Sword and shield. Electrical insulation can be achieved with tape as thin as paper but to create a shell to help protect from puncture; you need to layer on the vinyl−More specifically: polyvinyl chloride, (PVC). This phenomenal plastic, invented in 1913, is used today in everything from plumbing pipes to credit cards. Early efforts to make a polyvinyl film were stymied by the plasticizer used, which degraded the adhesive. In 1946, 3M researchers created a solution and Scotch® Vinyl Electrical Tape 33 was introduced to the market. Vinyl electrical tapes are often 5 to 7 mil. thick (7 mil is most common in the U.S.). The thinner general purpose tapes are often used for bundling and harnessing cables. Thicker premium vinyl electrical tapes are typically used as primary low voltage insulation. Even thicker 8.5 and 10 mil heavy-duty vinyl electrical tapes will provide extra padding as well as excellent protection in rough environments where your cables and splices are prone to abrasion and punctures. Thickness also plays a part in dielectric strength which increases with each successive wrapped layer. Thicker layers provide increased UV protection for outdoor applications.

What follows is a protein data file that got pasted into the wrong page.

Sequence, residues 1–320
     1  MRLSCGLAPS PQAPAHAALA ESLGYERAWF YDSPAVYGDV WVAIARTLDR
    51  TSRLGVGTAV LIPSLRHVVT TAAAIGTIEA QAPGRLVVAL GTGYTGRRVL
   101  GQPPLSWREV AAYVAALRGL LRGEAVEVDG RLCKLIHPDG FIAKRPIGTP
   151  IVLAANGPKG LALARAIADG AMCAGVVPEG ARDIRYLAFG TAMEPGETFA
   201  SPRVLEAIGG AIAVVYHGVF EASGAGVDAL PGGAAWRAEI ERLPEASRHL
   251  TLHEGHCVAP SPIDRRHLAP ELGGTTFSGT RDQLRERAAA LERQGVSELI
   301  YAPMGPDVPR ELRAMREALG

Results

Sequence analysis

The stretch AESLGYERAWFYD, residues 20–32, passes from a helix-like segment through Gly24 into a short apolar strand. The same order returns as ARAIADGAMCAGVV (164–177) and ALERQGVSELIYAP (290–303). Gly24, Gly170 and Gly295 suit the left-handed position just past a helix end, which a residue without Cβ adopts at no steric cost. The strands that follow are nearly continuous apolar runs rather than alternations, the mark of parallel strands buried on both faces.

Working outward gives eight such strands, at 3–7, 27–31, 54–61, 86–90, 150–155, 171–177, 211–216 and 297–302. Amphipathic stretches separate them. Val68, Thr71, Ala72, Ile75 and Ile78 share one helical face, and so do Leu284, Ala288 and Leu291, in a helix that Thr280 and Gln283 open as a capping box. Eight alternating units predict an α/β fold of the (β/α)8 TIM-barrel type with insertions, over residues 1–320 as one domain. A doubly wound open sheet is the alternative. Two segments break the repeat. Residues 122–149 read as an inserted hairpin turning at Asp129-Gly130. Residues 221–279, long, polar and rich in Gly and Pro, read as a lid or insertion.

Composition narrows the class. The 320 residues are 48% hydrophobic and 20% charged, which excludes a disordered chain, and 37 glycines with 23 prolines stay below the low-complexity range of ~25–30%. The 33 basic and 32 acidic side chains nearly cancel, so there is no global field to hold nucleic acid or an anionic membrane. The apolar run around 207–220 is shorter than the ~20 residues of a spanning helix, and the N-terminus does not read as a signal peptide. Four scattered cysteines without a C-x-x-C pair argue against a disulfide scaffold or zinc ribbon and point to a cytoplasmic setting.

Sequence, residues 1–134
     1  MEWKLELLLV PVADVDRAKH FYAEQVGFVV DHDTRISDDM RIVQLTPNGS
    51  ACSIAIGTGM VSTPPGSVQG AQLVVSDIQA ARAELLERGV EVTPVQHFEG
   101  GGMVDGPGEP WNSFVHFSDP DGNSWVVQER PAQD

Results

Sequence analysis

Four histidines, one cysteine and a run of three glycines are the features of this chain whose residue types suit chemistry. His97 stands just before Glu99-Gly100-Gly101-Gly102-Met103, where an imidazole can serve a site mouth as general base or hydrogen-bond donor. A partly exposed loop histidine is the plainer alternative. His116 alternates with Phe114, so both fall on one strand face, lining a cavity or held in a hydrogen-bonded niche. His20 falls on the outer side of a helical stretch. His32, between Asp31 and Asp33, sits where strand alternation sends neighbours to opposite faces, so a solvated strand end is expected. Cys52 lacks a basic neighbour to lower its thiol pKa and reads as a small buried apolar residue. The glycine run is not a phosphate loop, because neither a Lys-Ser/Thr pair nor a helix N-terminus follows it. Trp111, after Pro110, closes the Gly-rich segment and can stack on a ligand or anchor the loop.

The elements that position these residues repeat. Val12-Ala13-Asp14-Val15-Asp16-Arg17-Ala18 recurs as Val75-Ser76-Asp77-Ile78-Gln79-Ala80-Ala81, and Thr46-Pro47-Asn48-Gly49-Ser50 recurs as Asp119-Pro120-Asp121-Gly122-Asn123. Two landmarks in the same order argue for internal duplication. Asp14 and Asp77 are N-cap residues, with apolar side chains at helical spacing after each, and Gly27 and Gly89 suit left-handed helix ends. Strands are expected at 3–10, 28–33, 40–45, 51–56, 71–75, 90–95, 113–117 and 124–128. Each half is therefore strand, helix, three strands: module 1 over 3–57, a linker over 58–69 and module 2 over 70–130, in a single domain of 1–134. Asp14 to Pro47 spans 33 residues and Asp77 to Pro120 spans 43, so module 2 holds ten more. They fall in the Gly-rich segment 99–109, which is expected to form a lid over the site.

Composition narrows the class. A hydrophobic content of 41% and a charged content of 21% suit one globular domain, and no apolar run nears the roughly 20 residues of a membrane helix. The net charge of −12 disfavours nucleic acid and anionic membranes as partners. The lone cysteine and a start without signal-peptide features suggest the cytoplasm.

Performance Comparisons for Vinyl Electrical Tape.

You have a wide array of choices. This easy to read chart will give you performance ratings in a glance.

The case for a jacket

While PVC-backed ‘vinyl’ tapes are the primary insulator in low voltage situations; they are also highly regarded to replace and reinforce cable jackets in low, medium and high voltage applications. Here are many ways vinyl tape helps protect.

Roll with the Pros.

Why do professional electricians prefer premium tape?


Adhesion • Dielectric • Elongation • Temperature